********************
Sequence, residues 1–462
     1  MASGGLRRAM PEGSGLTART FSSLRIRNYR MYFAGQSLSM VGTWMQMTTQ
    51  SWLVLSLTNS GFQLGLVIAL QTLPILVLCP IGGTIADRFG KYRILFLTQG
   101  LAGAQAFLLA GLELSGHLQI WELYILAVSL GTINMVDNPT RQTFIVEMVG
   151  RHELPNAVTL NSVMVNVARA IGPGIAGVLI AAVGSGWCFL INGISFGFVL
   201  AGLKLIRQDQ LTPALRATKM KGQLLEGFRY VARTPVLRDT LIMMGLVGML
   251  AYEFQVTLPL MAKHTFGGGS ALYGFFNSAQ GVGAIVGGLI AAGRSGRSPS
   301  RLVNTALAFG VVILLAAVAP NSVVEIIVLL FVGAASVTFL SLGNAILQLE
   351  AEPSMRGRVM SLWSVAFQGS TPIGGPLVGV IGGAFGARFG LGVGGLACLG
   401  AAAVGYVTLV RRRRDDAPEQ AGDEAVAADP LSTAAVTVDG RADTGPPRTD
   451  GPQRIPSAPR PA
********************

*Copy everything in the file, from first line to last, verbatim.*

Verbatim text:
Sequence, residues 1–462
     1  MASGGLRRAM PEGSGLTART FSSLRIRNYR MYFAGQSLSM VGTWMQMTTQ
    51  SWLVLSLTNS GFQLGLVIAL QTLPILVLCP IGGTIADRFG KYRILFLTQG
   101  LAGAQAFLLA GLELSGHLQI WELYILAVSL GTINMVDNPT RQTFIVEMVG
   151  RHELPNAVTL NSVMVNVARA IGPGIAGVLI AAVGSGWCFL INGISFGFVL
   201  AGLKLIRQDQ LTPALRATKM KGQLLEGFRY VARTPVLRDT LIMMGLVGML
   251  AYEFQVTLPL MAKHTFGGGS ALYGFFNSAQ GVGAIVGGLI AAGRSGRSPS
   301  RLVNTALAFG VVILLAAVAP NSVVEIIVLL FVGAASVTFL SLGNAILQLE
   351  AEPSMRGRVM SLWSVAFQGS TPIGGPLVGV IGGAFGARFG LGVGGLACLG
   401  AAAVGYVTLV RRRRDDAPEQ AGDEAVAADP LSTAAVTVDG RADTGPPRTD
   451  GPQRIPSAPR PA